The demographic of mesothelioma patients has changed in recent years. Mesothelioma, a rare and deadly cancer infecting the lining of the lungs and chest cavity, is diagnosed in about 3,000 people in the United States each year. For many years, that vast majority of mesothelioma patients have been older men. Although most mesothelioma patients still fit this description, a recent report from Clinical Lung Cancer shows that the ratio of men to women has been shifting for the past few decades.
Mesothelioma is caused by exposure to asbestos, a naturally occurring mineral used in construction materials and consumer products. Asbestos is heavily regulated now because of its cancer-causing properties, but until the 1970s, it was extremely prevalent. Asbestos is durable, versatile, and heat- and flame-resistant, making it an ideal additive in numerous products.
When asbestos is disturbed, its fibers can break apart and become airborne, where they can be inhaled or ingested. The soft microscopic fibers get lodged in the chest cavity and stay there for decades; the fibers cannot be expelled from the body, and when the immune system tries to fight them, the surrounding tissue gets damaged. It can take 20 to 50 years for mesothelioma to develop after the initial asbestos exposure, so it is common for patients to be diagnosed later in life.
Many victims encounter asbestos in the workplace, particularly those working blue-collar jobs. There are some industries that are more prone to asbestos exposure, including construction, automotive and aviation, plumbing, maritime, military, chemical processing, mining, and other businesses. For much of the twentieth century, these fields were male dominated, putting men at higher risk of workplace exposure. Until the dangers of asbestos were firmly established, there were few safety precautions in place to protect these workers, making the risk of developing mesothelioma even greater.
How Are Women Exposed to Asbestos?
From 1991 to 1999, women accounted for only 11.6 percent of mesothelioma diagnoses, with an average age of 75 years among those patients. Based on the long latency period, these cases include patients who were exposed before there were strict safety standards in place. Although it was mostly men who were exposed in the workplace during this time, they could carry asbestos fibers home with them on their clothes and tools, in their cars, and even in their hair. Workers’ families then encountered the asbestos through secondary exposure, as the asbestos fibers were spread throughout the home. Even washing clothes with asbestos on them can spread the fibers to other laundry, rather than eliminating them. About half of mesothelioma diagnoses among women are attributed to secondary exposure.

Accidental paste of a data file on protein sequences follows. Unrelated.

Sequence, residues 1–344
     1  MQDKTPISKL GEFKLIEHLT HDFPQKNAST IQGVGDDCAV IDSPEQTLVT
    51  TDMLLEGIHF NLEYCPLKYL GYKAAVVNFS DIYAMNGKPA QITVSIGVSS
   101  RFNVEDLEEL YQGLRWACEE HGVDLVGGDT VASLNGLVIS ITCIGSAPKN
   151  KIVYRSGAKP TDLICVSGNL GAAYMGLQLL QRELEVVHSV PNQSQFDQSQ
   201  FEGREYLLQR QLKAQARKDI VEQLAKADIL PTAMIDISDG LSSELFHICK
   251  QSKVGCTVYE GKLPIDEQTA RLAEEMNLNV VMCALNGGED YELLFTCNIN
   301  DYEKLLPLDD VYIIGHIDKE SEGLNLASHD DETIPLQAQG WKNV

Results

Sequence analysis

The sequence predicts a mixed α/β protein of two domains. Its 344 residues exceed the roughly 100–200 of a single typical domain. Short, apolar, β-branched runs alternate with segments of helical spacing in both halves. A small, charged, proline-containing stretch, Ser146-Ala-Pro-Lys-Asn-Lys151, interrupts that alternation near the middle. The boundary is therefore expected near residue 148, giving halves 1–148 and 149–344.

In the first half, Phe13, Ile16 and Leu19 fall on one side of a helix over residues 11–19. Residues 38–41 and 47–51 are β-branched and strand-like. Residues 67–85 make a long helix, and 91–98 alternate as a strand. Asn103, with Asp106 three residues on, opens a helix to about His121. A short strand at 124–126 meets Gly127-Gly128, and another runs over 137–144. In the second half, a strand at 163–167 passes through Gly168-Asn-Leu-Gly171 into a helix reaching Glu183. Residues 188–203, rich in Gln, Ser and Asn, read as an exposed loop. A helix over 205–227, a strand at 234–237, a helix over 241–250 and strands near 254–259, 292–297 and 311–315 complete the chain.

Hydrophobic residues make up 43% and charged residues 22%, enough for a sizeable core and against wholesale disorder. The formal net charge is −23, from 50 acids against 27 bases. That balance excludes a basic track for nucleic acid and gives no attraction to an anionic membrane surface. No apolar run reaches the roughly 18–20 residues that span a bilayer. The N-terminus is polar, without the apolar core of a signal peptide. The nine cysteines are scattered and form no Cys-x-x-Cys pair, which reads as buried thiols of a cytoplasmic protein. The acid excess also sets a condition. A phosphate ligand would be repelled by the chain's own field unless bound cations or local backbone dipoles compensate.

Twenty years later, the percentage of women among patients diagnosed with mesothelioma between 2010 and 2019 has almost doubled, increasing to 20.5 percent. This is a much sharper increase than the rate of men diagnosed with mesothelioma, which increased by about 51 percent over the same period. The average age of these patients at the time of their diagnosis was 66; women overall tend to develop the disease younger than men. The rate of women dying of the disease has also increased by about 20 percent over the past 10 years, whereas the rate of men dying has remained mostly consistent.
Circumstances around asbestos exposure have changed dramatically, and there are several factors that might contribute to this increase. More women have entered the workforce, including in industrial jobs that have a higher asbestos risk, but workplace safety standards have been updated to protect many workers from known asbestos risks.
There may be other ways that workers can be exposed, even if their industry is not considered high risk. Although asbestos is no longer used in most building materials, there are plenty of older buildings constructed before the 1970s that still contain asbestos products, which can include drywall, insulation, floor and ceiling tiles, paints, cement, adhesives, and other materials. Renovation, demolition, or even normal wear and tear can damage these elements and cause asbestos particles to become airborne. Buildings such as schools, retail spaces, office buildings, hospitals, and even homes can have hidden asbestos hazards, putting more professions at risk, including fields that are more traditionally female dominated.